The most common answers I found as I searched the internet for blog posts and articles, as well as canvassing friends on twitter, were mainly along the lines of preaching, prayer, guarding the truth, vision, shepherding the flock, loving people, and administering the sacraments. The answers were very similar, although what each one meant to the people who responded would probably vary, maybe even quite significantly. But, I also had more generic categories such as: Jesus, their family and the church.
The job description in Appendix A is very broad, it includes strategic thinking, preaching, developing leaders, leading the elders, keeping the church on mission, carrying out church discipline, to name but a few.

So where do these ideas come from, just what people see happening, or what they see and think should be happening instead, or from the Bible, or a bit of each of those?

I want to look at some of the key passages in scripture which speak of pastors and their role and as we do that draw in other verses to back them up.
Hopefully as this happens we will be able to build a good picture of what the average pastor should be doing.
Then, after that is established, I will aim to break that down into an average week looking at how many hours each area of the role should take. Again this will vary and isn’t meant to be perfect, but just an overall guideline.


One of the things those gifted in the church are gifted for is “to equip His people for works of service…” (Eph 4:12a). A pastors role must at least partly be to bring this about. With that in mind, here we go.

In Scripture it is undeniable that preaching and teaching the word of God is one of the primary duties of a pastor (Acts 6:2, 1 Tim 4:13, 2 Tim 1:13-14, 2:2, 4:2). The preaching of the gospel and the application of it to the lives of those listening will not just involve boldly declaring good news, but also teaching in a way which means people can refute false teaching and avoid it like the plague. So, the idea of guarding the truth also comes into this, faithfully standing firm upon, and passing on, the authentic gospel. In Paul’s first letter to Timothy he makes it very clear that Timothy is to warn people about what is false, expose the lies, and show how destructive it can be to follow them (1 Tim 4:1-6).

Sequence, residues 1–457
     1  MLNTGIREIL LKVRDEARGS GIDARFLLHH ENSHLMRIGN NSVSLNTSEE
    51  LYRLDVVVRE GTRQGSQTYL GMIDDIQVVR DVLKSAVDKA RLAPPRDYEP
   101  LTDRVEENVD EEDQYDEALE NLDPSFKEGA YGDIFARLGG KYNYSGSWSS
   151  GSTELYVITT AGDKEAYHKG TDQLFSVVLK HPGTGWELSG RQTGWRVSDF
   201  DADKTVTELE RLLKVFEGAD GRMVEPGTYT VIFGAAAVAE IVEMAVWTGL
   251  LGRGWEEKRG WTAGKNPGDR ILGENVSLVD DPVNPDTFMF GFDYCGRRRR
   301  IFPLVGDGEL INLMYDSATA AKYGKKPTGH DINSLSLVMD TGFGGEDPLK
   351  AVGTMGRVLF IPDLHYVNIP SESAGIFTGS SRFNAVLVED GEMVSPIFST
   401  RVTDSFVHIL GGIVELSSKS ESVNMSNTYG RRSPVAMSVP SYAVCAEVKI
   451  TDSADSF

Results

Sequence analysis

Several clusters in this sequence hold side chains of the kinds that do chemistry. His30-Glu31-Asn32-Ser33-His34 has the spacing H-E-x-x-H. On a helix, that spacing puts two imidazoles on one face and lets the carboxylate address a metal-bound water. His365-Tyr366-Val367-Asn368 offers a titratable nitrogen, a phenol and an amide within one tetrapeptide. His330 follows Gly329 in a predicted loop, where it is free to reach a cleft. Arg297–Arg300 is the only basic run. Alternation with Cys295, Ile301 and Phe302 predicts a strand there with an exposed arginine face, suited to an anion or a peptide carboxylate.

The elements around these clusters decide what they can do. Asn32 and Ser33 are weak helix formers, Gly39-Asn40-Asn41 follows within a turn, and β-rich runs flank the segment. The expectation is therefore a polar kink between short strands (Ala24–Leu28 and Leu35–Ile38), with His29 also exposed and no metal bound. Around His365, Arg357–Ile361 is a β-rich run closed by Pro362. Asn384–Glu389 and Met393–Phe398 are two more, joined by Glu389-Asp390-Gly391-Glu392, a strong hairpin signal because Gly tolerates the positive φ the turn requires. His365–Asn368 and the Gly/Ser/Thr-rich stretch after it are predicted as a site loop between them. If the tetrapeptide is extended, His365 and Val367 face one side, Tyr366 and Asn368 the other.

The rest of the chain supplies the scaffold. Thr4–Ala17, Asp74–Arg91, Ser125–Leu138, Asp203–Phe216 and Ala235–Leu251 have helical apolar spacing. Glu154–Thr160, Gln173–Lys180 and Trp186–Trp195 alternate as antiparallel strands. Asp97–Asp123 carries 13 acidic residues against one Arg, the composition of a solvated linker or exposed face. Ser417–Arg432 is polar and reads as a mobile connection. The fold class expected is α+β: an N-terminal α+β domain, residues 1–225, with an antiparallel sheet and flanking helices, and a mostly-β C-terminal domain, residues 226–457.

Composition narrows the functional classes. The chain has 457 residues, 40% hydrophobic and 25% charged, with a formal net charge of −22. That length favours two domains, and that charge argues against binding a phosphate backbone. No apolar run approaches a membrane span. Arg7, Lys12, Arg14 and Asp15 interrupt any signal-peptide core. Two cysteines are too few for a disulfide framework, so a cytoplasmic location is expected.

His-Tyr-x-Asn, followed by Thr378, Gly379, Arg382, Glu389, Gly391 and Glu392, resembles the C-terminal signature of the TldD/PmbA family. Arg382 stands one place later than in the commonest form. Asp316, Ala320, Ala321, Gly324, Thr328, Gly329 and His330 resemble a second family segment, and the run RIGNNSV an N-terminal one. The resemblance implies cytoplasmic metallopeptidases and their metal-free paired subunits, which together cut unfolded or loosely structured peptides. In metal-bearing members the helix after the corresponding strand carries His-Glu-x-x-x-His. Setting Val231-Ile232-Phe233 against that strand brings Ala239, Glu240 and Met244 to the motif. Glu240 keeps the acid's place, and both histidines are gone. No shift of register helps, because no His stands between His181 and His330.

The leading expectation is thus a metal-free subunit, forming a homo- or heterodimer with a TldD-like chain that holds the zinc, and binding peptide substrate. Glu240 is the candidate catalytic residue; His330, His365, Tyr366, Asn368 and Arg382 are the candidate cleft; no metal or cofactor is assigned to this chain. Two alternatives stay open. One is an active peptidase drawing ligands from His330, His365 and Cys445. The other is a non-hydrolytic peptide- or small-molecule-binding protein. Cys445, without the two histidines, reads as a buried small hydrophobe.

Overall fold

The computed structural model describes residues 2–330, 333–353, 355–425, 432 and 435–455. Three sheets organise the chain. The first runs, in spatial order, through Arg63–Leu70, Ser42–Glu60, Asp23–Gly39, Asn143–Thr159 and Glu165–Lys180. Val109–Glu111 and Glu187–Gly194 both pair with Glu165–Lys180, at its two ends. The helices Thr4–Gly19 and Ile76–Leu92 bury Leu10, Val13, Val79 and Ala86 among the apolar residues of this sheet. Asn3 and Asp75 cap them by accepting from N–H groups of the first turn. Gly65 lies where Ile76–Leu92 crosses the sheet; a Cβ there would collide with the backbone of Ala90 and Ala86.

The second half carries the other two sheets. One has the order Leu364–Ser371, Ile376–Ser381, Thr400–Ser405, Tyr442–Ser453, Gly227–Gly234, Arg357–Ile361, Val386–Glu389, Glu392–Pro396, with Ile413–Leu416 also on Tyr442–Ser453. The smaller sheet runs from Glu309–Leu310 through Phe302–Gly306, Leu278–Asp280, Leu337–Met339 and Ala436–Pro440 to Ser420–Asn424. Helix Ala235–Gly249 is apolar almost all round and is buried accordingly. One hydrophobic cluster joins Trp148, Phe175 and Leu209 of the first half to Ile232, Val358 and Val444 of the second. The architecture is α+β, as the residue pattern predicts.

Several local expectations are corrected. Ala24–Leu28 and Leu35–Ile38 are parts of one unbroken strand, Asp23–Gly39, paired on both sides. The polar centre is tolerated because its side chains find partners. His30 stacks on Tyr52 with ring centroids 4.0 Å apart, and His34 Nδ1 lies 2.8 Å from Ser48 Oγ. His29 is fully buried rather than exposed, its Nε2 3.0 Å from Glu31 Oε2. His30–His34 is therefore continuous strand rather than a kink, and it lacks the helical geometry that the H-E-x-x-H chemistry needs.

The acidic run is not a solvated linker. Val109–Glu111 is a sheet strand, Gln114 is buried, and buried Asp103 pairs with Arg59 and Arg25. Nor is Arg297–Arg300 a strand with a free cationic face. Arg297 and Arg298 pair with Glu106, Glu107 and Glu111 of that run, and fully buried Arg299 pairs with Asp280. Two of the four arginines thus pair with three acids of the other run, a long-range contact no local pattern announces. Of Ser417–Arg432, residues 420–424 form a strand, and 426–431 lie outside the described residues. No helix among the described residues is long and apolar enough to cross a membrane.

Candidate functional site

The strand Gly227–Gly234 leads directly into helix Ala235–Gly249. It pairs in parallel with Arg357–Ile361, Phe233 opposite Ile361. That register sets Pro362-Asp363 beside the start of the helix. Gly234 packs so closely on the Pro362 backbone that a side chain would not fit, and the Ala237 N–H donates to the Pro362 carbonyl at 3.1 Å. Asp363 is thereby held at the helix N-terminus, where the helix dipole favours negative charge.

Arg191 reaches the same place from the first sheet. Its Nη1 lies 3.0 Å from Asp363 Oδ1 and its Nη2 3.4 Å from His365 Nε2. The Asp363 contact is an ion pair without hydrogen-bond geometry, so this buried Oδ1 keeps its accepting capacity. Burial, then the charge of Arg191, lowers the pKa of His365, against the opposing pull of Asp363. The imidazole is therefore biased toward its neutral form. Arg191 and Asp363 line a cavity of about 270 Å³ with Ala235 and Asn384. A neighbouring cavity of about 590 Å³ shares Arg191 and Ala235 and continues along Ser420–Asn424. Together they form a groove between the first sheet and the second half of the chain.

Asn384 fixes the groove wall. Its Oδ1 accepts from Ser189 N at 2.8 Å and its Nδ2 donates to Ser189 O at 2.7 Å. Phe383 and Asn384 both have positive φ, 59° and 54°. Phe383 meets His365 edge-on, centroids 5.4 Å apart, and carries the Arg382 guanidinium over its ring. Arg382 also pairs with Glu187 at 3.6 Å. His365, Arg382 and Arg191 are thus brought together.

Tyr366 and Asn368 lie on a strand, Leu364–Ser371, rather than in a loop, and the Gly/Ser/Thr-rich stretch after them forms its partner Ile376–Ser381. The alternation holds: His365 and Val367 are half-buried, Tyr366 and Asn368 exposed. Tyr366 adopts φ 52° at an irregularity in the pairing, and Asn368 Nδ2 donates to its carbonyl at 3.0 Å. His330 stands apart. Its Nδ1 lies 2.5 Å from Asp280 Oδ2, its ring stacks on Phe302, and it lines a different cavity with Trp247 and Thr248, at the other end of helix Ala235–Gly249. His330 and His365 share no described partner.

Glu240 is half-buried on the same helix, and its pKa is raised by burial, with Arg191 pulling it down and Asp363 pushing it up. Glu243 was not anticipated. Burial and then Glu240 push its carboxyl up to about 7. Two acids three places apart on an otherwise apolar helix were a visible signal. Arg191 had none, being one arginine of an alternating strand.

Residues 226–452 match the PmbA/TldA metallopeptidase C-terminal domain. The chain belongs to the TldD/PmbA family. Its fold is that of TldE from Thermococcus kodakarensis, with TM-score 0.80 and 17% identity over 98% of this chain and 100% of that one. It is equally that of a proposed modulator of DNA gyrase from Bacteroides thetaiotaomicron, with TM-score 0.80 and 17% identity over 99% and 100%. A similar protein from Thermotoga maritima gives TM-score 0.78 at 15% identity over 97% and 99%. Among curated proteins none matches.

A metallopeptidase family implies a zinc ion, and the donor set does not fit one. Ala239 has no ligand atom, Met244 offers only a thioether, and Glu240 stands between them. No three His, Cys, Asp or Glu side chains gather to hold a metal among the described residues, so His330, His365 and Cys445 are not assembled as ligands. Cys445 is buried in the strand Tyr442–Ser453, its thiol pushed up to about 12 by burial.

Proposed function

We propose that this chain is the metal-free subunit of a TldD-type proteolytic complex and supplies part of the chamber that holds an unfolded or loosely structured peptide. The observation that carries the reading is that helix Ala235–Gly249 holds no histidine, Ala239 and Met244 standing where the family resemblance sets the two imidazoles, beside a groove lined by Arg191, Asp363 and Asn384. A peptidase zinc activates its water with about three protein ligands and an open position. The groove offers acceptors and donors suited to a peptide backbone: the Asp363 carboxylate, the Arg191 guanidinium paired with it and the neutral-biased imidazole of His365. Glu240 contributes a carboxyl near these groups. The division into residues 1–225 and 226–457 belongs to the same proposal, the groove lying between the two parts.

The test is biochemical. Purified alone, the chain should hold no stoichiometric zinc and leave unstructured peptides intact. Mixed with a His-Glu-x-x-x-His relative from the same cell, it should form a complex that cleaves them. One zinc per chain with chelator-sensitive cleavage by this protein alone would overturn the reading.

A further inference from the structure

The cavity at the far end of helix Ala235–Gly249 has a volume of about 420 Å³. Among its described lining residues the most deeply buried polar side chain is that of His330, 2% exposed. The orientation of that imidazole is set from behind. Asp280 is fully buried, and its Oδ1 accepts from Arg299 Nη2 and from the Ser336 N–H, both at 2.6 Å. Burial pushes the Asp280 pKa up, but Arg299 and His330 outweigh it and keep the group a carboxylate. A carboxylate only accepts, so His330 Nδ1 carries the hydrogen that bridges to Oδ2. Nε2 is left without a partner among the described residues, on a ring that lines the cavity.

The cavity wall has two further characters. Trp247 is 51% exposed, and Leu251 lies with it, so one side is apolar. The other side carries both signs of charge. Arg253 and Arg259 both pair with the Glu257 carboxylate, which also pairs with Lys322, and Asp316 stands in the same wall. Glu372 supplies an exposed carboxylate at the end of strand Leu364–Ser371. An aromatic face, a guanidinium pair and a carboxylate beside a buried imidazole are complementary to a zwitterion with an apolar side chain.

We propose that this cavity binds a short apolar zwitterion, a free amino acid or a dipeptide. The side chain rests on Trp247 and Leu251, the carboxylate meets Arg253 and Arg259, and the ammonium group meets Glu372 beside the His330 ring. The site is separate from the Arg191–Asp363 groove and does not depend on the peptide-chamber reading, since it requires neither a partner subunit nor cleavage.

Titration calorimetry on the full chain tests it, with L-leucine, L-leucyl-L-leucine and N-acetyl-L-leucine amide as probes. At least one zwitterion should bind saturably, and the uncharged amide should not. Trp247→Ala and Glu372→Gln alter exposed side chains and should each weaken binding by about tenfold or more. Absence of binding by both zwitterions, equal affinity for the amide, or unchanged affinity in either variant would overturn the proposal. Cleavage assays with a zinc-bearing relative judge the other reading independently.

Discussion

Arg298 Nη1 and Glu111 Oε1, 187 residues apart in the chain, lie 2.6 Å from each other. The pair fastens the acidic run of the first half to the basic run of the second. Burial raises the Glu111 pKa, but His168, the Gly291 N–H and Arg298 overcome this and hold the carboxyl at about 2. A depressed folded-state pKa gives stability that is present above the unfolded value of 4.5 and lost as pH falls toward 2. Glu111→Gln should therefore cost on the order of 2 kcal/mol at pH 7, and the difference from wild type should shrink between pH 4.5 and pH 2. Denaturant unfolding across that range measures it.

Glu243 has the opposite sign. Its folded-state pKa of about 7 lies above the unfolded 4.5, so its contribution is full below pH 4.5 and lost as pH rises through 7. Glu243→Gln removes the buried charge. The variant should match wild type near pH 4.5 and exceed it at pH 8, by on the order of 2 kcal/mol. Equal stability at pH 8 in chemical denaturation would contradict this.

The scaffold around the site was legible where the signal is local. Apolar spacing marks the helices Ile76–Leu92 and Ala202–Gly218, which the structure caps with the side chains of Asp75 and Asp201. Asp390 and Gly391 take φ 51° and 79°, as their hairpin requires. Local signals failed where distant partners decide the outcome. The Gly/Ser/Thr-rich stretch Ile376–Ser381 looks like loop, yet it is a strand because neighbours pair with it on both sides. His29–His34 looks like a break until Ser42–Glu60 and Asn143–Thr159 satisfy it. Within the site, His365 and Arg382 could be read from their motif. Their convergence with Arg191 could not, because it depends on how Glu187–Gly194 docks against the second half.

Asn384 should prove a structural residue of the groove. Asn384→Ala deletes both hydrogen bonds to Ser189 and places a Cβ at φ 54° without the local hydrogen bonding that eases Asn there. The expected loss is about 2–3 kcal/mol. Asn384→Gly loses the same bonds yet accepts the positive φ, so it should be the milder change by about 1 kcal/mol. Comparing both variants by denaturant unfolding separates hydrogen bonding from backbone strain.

The context of 1 Timothy is especially key as Timothy was sent by Paul, the founder of the Ephesian church, to carry out the job of pastoring the church and appointing elders in his absence. The whole letter contains priorities for Timothy, some of which are specific to Ephesus, but also many which are for general application.
Titus is also exhorted by Paul to teach, and in chapter 2:1-5 specific groups of people are mentioned. This must mean applying scripture specifically as it is preached, but it also must include personal conversations or visits, which we will come onto later.
Not only are these very personal letters of the apostle Paul to young pastors extremely clear on of the importance of preaching but, if we look at Acts 6:2-4, it seems preaching is one of the highest priorities for the Twelve too. As the needs of people increase, and the church seeks to reach out, others are appointed to oversee those tasks so that the Twelve can focus on preaching and prayer.
Another way the priority of preaching is seen is purely in the lives of Paul, Peter and the other pioneers. They always preached the gospel. Paul preached Christ and Him crucified. Throughout the book of Acts leaders of the mission trips or fledgling churches spoke the truth, preached it far and wide.

I think particularly in small churches the preaching done in main gathering(s) of the congregation has to be the major priority as it could be the only, but will most certainly be the main, source of input into the lives of the church members at large. As church grows there may be home groups and other smaller gatherings, which the pastor leads, but the central gathering must be his priority. In larger churches this still needs to be the priority, but there will be less pressure for the pastor to be leading home groups and other areas of ministry if other leaders have been trained to do so. His focus beyond preaching will be in training them and encouraging them and identifying new leaders (see below).


As we have already looked at Acts 6:2-4 we need to add prayer to our list of pastoral priorities. The Twelve are very clear that they need to be devoted to the word of God and prayer. It seems strange that something all Christians are exhorted to do (Eph 6:18-20, 1 Thess 5:17) could be something that a pastor is specifically to do as part of his paid working time. But, I think it must be the case. Pastors are to look after their flock (1 Peter 5:2) along with the elders, and upholding them before the Lord in prayer is one of the best ways to do that. To be devoted to prayer shows humility and reliance upon the grace of God in life, and the Spirit of God to reveal the truth of the word in preaching. I don’t think it means that the pastor needs to be locked away in his study for hours on end just praying on his own. I think the devotion to prayer spoken of in Acts 6 would include praying with other leaders, praying before and during sermon prep praying as he meets with church members and so on. Jesus prays regularly throughout the gospels, the Apostles pray at various times in the book of Acts, and within Paul’s letters there are numerous prayers recorded. Prayer must be a priority.

(Part 2 to come.....)